Seemingly, there’s been one iconic raunchy sex comedy that’s become the iconic film for every generation. There was Animal House, American Pie, Fast Times at Ridgemont High, Porky’s, and too a lesser extent, even Superbad.
However, while the majority of these movies have had sex at the forefront of their jokes, they’ve also had one other thing in common – they’ve all been primarily about guys, blatantly reinforcing the ideas of Laura Mulvey who referred to the camera and the way women are reflected as the male gaze.
And, while there have been other comedies and other films which have helped to empower the idea of female sexuality, few of these films have been able to extend the gender boundary with men either not being interested in spending 90 minutes plus watching the films or women having a Ladies Night while ogling over the men in the same way teens did with Phoebe Cates.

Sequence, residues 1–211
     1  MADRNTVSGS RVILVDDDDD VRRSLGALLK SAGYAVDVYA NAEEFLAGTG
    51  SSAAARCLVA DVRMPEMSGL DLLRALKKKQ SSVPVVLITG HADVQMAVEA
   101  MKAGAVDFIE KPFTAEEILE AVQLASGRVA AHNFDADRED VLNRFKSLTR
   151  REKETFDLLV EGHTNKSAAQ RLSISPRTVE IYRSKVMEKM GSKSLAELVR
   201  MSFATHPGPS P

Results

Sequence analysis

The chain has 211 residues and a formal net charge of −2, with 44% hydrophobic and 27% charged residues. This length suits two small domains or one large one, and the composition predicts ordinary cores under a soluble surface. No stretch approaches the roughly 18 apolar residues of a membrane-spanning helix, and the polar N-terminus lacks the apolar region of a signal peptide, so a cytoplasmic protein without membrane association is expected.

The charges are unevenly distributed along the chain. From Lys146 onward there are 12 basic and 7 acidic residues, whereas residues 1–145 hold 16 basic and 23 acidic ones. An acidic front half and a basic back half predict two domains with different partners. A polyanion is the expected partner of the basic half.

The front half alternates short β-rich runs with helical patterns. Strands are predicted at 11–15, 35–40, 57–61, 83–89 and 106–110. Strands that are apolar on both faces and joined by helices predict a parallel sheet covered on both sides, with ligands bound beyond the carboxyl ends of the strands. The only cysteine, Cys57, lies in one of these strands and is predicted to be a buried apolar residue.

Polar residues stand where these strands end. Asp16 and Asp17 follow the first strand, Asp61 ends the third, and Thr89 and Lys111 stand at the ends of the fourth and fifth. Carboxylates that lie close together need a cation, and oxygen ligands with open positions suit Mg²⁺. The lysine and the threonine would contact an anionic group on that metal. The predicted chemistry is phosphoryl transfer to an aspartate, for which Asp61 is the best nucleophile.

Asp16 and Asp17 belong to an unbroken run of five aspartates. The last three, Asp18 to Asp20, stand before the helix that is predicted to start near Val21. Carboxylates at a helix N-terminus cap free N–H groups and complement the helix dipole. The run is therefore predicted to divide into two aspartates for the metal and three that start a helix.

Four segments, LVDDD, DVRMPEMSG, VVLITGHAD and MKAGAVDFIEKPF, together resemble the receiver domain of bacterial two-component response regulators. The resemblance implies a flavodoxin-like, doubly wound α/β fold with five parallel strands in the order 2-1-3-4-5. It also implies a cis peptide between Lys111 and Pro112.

Refreshingly, Blockers seemed to be the film to break down this invisible barrier. Given an American Pie-esque theme where three girls are going to lose their virginity on prom night, the movie spends an equal amount of time between the daughters and their parents, who are just as adament about stopping the sex pact as the girls are with completing it.
However, even if the film shows a clear divide between parent and child, the humor rises across gender lines, tending to avoid any of the gross out hilarity that comes with “bro comedies” as well as cheesy jokes that come from “chick flicks” while still maintaining a consistent level of jokes to keep the audience laughing throughout.
As a result, Blockers not only manages to become the raunchy comedy for a new generation, it also manages to become the first real raunchy comedy that doesn’t have a gender specific appeal.
Blockers hit theaters everywhere April 6, 2018.